Friday, January 4, 2013

The USS Enterprise: 1775-2012 (Part 1)

One of the last acts of the 112th Congress was for the Senate to unanimously agree (yesterday, January 3, 2013) to S. Res. 630, a resolution congratulating the Navy and the current and former officers and crew of the U.S.S. Enterprise (CVN 65) on completion of the 26th and final deployment of the vessel.

The U.S.S. Enterprise (CVN-65) was deactivated on December 1st, 2012.  Over 100,000 Marines and sailors (including my Uncle Rick) served aboard her during her 51 years in service.


This U.S.S. Enterprise is 8th in a long line of ships by that name that served their country well.  Everything has changed so much in the past 238 years.  The U.S. Navy is no exception--just take a look at the evolution of the U.S.S. Enterprise:

Enterprise I
(The Revolutionary War)

The first USS Enterprise was originally a 70-ton British supply sloop.  Colonel Benedict Arnold (who later became an infamous traitor) and 35 men captured it from a shipyard in Quebec, Canada on the 18th of May 1775. They armed the ship with twelve 4-pounder guns and 10 swivel guns.  The ship was manned by 50 officers and enlisted men.  The USS Enterprise was engaged in the Battle of Quebec and the Battle of Valcour Island. On the July 7, 1777 , the ship was assigned to duty during the evacuation of Fort Ticonderoga.  The small American fleet was no match for the British, and the Enterprise was ran aground on the shores of Lake Champlain.  The Americans burned the ship to avoid its re-capture.

Enterprise II
(The Revolutionary War)

The second Enterprise was purchased by the Continental Navy in 1776.   Because she was commissioned before the first USS Enterprise was deactivated, she is not called the USS Enterprise--just the Enterprise. She was a 25 ton, 8-gun schooner and carried a crew of 80 men.  The ship was commanded by Captain James Campbell.  During the Revolutionary War, the Enterprise guarded convoys and protected the shores against British pillagers.

Enterprise III
(The Quasi-War, The First Barbary War, and the War of 1812)
USS Enterprise vs. Tripoli
The third Enterprise was built in 1799 by Henry Spencer for $16,240.   It was a 135 ton, 12  6-pounder gun schooner, and was manned by a crew of 70.  The ship was rebuilt several times, eventually becoming a 16 gun, 165 ton brig rigged ship. Its first task was defending United States Merchantmen in the Caribbean against French Privateers during the Quasi-War with France. In 1801, the Enterprise joined other ships for the First Barbary War.  Not far from Malta, she defeated the Tripolitan corsair Tripoli after a 3 hour battle.  No one on the USS Enterprise was injured while 40% of the Tripoli’s crew were killed or wounded.  Throughout the remainder of her patrol in the Mediterranean during the war with Tripoli , the USS Enterprise made a good showing for herself.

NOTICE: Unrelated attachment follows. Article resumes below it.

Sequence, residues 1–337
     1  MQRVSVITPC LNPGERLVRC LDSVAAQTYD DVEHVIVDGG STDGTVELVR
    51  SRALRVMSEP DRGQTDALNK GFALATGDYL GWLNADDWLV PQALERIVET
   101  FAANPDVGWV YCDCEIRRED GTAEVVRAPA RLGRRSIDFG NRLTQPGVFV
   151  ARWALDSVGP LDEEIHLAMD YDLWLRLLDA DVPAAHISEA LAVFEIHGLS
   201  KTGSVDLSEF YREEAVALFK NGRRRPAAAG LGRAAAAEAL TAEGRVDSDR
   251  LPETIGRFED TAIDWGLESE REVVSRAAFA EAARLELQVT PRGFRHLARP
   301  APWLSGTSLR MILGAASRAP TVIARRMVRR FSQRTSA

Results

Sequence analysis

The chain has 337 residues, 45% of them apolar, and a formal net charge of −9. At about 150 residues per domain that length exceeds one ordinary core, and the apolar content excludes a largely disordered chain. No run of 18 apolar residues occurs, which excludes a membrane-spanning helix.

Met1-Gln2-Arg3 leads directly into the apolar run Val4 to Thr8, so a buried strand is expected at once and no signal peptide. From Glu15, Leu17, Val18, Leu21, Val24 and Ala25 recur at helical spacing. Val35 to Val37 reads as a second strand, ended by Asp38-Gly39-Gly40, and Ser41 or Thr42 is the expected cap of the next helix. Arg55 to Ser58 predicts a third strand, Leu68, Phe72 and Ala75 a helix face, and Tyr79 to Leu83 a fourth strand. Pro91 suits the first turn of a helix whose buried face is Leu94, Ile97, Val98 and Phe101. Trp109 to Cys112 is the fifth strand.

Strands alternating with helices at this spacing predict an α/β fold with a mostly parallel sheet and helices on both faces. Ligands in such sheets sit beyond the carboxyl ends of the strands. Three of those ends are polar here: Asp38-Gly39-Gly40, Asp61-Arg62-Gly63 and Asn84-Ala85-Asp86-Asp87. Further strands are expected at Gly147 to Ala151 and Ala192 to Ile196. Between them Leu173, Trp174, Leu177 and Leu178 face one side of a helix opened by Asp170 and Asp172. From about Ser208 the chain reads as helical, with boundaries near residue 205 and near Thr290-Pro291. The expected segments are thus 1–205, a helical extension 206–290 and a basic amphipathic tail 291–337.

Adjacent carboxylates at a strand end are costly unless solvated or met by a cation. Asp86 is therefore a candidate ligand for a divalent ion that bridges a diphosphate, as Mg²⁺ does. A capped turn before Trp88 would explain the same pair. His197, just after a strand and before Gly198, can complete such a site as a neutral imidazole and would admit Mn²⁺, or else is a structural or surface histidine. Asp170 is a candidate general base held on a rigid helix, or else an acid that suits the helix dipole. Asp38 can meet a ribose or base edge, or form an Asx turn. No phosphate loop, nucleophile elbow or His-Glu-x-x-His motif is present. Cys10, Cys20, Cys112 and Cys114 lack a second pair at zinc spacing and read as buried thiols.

The USS Enterprise was repaired at Washington Naval Yard, and recomissioned in  1811.  She was at sea when war was declared against Great Britian.
On the 5th of September 1813, the HMS Boxer  and the USS Enterprise sighted each other off the coast of Maine.  The British commander Captain Samuel Blyth nailed the Union Jack to his ship’s mast, indicating his intention of fighting to the end.  Lieutenant William Burrows, leading the Americans, declared, " We are going to fight both ends and both sides of this ship as long as the ends and the sides hold together.“  Both Blyth and Burrows were killed or mortally wounded during the first few minutes of the battle.  The battle lasted 30 minutes and left the HMS Boxer in ruins.
The third USS Enterprise remained in service, patrolling and suppressing pirates, slave-traders, and smugglers until she was shipwrecked on Little Curacao Island in the West Indies in 1823.

Enterprise IV

The fourth USS Enterprise  was a 197 ton schooner, armed with two 9 pound guns and eight 24 pound carronades, and outfitted with a full complement of 72 men.  She was launched on the 26th of October 1831, and sailed for South America in 1832.  Here she patrolled the Brazil Station until 1834.  Next, she cruised to the Far East, then proceeded to Hawaii and then to Mexico.  From there she continued to the west coast of South America which she patrolled until 1839.  The ship left Valparaiso, Chile, rounded the Horn, and returned to Philadelphia where it was inactivated in July 1839.  It was recomissioned in November and returned to its duties protecting U.S. commerce on the coast of South America until 1844 when it was decommissioned and sold.

Enterprise V
The fifth USS Enterprise was a steam corvette with auxiliary sail power.  It had a displacement of 1375 tons, a crew of 184 men, traveled at a speed of 11.4 knots, and was armed with an 11-inch moth bore, four 9-inch broadside guns, one 60-pounder pivot, and 1 short Gatling gun.  It was commissioned in 1877.
Its first assignment was to surveying operations at the mouth of the Mississippi River, and its next assignments were similar operations at the Amazon and Madiera Rivers. 
From 1883 to 1886, the ship sailed on a hydrographical survey which took it around the world. 
Later, it was used for training and practice for the U.S. Naval Academy and the Massachusetts Maritime Academy.  The USS Enterprise was returned to the navy in 1909 and then  sold.   

Enterprise VI
The sixth Enterprise was a motor patrol craft  purchased by the Navy in 1916 .  It was transferred to the Bureau of Fisheries in 1919.

USS Enterprise--Part 2 (Role of the carrier Enterprise in World War II): coming tomorrow

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